I TRY NOT to foist too many of my own metrics on you. But hey, it's the middle of the summer, baseball is the only game around, and pennant races are still taking shape. So it's the perfect time to tinker with numbers that answer interesting questions like, "Who has the most pure power on the planet?" So I present to you: smashing percentage.
Smashing percentage (SMASH) is a hitter's slugging percentage divided by his batting average, which is another way of expressing his total bases per hit. SMASH doesn't measure the value of a player's power. (For that, you're better off looking at isolated power, which is SLG minus BA.) It doesn't care how often a batter reaches base, or whether he makes contact at all. It just basically looks at how hard he crushes each ball he hits safely. And in an offense-starved MLB, that may be just what GMs need to know.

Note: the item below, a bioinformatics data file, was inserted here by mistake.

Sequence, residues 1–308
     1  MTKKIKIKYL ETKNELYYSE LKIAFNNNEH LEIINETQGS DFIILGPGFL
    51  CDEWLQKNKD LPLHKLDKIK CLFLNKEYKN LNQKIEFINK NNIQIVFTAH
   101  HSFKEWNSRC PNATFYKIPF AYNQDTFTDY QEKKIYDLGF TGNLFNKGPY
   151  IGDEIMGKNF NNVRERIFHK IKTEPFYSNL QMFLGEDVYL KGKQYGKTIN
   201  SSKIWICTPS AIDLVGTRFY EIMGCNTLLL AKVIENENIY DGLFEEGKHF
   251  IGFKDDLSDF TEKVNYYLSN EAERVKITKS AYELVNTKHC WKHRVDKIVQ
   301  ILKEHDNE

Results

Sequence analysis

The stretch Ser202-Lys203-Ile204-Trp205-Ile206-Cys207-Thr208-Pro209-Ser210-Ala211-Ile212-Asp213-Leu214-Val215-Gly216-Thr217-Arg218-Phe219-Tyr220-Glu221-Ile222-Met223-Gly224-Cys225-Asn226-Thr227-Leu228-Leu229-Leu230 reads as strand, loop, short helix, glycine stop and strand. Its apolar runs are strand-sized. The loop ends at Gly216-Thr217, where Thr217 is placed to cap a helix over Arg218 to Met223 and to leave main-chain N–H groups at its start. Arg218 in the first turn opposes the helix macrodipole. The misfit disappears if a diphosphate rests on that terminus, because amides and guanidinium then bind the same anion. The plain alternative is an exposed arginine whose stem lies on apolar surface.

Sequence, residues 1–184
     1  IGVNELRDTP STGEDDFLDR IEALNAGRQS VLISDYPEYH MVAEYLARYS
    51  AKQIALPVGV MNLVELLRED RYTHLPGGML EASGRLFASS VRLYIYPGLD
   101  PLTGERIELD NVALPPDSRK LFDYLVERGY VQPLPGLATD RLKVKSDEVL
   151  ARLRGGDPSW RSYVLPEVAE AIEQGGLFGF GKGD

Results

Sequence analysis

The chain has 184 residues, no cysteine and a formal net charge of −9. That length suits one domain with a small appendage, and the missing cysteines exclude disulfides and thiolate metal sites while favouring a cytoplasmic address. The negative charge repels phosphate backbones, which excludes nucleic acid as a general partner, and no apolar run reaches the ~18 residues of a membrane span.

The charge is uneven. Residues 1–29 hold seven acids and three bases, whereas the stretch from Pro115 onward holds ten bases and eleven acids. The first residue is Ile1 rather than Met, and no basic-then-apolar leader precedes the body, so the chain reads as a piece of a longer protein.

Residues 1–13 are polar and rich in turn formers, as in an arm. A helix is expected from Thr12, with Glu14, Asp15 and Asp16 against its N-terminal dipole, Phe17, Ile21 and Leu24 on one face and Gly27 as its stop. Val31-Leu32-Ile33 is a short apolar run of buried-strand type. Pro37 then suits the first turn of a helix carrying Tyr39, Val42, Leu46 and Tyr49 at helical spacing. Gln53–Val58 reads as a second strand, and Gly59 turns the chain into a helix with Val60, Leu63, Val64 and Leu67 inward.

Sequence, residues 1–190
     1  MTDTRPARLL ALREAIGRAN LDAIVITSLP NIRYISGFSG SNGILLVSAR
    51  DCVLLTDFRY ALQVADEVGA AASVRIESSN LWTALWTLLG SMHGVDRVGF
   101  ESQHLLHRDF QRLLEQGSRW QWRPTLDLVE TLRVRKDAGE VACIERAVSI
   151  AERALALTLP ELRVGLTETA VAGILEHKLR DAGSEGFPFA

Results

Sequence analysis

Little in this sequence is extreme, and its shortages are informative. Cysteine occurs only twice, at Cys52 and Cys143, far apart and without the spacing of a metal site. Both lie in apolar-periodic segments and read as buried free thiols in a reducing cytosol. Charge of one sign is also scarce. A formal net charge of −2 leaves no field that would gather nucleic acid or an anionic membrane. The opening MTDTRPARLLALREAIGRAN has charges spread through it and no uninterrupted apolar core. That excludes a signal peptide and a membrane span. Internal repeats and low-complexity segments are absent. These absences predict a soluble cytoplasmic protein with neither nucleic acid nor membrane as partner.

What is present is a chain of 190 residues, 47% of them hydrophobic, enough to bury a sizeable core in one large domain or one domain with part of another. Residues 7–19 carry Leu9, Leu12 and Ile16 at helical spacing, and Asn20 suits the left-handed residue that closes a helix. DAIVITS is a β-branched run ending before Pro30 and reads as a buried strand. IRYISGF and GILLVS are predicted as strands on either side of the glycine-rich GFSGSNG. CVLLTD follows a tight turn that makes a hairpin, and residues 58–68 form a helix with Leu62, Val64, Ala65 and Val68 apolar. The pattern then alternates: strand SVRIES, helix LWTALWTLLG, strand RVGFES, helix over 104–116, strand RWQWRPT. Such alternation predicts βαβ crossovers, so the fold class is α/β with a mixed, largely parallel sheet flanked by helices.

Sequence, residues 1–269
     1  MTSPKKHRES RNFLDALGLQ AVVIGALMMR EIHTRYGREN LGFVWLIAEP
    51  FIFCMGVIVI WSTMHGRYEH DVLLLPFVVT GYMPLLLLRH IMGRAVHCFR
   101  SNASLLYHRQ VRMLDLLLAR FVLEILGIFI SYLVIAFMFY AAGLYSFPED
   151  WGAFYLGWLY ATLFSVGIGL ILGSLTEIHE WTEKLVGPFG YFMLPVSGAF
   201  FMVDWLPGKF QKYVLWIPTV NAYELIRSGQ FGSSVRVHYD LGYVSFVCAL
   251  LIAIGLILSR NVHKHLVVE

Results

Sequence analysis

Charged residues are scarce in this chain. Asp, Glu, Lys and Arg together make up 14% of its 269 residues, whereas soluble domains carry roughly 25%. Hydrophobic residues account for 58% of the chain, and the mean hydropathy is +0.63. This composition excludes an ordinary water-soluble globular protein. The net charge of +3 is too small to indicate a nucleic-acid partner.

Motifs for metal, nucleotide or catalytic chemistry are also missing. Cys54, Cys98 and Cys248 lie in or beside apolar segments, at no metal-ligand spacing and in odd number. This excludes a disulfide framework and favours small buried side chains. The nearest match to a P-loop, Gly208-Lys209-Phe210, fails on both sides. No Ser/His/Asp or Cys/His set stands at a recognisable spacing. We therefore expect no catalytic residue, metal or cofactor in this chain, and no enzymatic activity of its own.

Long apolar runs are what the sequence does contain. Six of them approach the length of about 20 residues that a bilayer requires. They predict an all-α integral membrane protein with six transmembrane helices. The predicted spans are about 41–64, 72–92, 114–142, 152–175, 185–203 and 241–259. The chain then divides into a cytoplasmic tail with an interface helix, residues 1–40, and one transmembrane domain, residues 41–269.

I was inspired to look into smashing percentage when researching Dave Kingman's 1982 season. As a young Mets fan, I had never seen anything like Kong's stat line before, and I haven't since: Kingman cracked 37 homers to lead the NL that year and did almost nothing else. He hit just .204, by far the lowest batting average for a home run champ, with only nine doubles and one triple. That gave him an impressive smashing percentage of 2.119. (Since World War II, the MLB average has hovered around 1.5.)